Chapter

Abbasid Courtesans and the Question of Social Mobility

Matthew S. Gordon

in Concubines and Courtesans

Published in print December 2017 | ISBN: 9780190622183
Published online October 2017 | e-ISBN: 9780190622213 | DOI: https://dx.doi.org/10.1093/oso/9780190622183.003.0003
Abbasid Courtesans and the Question of Social Mobility

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  • Asian History
  • Medieval and Renaissance History (500 to 1500)

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This chapter considers the rise to prominence by enslaved and freed persons in the major urban centers of the first Abbasid period (c. 750–900 CE). It uses the example of elite female performers at the Abbasid court, and, as evidence, a set of passages concerning three of the women, all of which occur in the 10th-century Kitab al-Aghani (Book of Songs) by Abu al-Faraj al-Isbahani (d.c. 972). The passages voice the same complaint: that the singer in question was wrongly enslaved. These texts are then weighed in light of the question of upward social mobility. The singers, despite the odds, achieved and, in certain cases, sustained preeminence. The phenomenon is familiar to historians, as a number of Abbasid–era notables emerged from slavery to achieve elite standing, whether as members of political, commercial, and military circles or at the highest levels of culture and scholarship.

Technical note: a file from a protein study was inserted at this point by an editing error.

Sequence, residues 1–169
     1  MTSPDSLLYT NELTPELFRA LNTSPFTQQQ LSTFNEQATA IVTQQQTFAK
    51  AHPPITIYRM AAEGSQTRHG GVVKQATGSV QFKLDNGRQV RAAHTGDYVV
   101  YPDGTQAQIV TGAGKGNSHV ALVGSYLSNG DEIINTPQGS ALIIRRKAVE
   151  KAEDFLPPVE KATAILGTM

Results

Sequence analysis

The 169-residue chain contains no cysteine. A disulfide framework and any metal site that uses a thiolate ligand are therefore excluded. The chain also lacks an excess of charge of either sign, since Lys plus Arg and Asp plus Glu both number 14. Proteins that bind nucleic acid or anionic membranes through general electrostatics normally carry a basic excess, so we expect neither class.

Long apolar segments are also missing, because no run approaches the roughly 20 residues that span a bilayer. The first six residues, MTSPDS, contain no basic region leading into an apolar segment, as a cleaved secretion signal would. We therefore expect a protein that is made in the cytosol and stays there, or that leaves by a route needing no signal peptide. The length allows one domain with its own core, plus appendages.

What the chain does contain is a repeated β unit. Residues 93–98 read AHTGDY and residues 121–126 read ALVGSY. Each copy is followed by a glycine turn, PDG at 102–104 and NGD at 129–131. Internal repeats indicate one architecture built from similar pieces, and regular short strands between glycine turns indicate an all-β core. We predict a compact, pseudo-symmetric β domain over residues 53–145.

Keywords: Arabic historiography; courtesan; gender; Islamic history; sexual violence; slavery; women; Islam

Chapter.  12761 words. 

Subjects: Asian History ; Medieval and Renaissance History (500 to 1500)

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